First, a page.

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What is The Best Sleep Position: The Truth

What is the best sleep position - cute kitten lying on back with paws above head - close up shot

What is the best sleep position?

In an age where the internet never sleeps, where we are always contactable, where we are all linked by phones and computers and tablets. Sleep has taken the back seat for a lot of us. However, we shouldn’t underestimate the power and importance of sleep.

Sleep is crucial to our wellbeing, both physical and emotional, as well as our ability to function. Sleep, diet and exercise have been described as the three pillars of good health. However, author Matthew Walker says that ‘sleep is the foundation on which all the other pillars stand’. But as much as 1 in 3 of us suffer from poor sleep.

So how is this affecting us?

Of course we are all familiar with the effects such as feeling grumpy, tired and a lack of focus, which can lead to difficulty concentrating and making decisions and therefore not working at your best. However, regular poor sleep can also have profound consequences on your physical health. Sleep deprivation puts you at risk of serious medical conditions such as disrupting your immune system, high blood pressure, obesity, diabetes and heart disease.

Lack of sleep can also slow recovery rates after illness, injury or surgery. This is why it is vital for us as physiotherapists to find out how a person is sleeping when they come into the clinic, as their recovery and rehab hugely depends on it. If sleep is a problem, we will always try to recommend ways to help, whether it’s advice about pain-relief, sleeping positions, meditation/relaxation, work habits or pacing activities during the day.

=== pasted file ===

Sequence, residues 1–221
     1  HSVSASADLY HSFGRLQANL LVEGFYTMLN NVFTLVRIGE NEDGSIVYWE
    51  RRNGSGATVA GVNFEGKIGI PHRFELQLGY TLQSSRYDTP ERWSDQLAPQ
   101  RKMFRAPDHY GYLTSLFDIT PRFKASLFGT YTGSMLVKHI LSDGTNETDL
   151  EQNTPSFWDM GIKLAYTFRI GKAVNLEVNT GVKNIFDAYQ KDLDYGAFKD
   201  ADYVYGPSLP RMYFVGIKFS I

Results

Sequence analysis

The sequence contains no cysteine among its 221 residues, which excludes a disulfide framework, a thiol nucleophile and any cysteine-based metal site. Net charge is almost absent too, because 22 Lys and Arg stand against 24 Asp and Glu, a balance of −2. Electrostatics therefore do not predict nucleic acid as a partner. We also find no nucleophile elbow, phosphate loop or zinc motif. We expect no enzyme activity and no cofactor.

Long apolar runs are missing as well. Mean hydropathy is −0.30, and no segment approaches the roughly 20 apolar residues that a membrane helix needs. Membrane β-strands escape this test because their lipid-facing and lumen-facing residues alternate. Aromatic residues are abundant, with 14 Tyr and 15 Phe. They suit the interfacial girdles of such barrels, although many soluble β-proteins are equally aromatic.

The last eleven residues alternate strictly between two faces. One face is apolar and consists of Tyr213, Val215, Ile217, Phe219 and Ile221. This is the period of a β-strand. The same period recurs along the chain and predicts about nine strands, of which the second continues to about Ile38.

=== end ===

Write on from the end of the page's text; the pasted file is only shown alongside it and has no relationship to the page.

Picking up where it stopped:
A variety of factors can cause poor sleep, such as health conditions like sleep apnoea, but generally it’s due to bad sleeping habits.

How much sleep do we need?

This age-old question does not have a definitive answer, however most of us need around 8 hours of good-quality sleep a night to function properly. However, some need more and some less. But generally, if you are waking up tired and longing for a nap during the day, chances are you haven’t had enough sleep.

Our body clock dictates our sleep patterns. We all have a built-in body clock that dictates our circadian rhythm – a 24 hr cycle that your body is naturally inclined to follow, and guides your desire for sleep, eating, drinking, our metabolic rate, and even our emotional state, or mood.

However, circadian rhythms vary from person to person. Some of us are morning people. Some of us are ‘night owls’, who are people whose circadian rhythm inclines them to sleep later at night and rise later in the morning, which in a morning-oriented society can sometimes be problematic.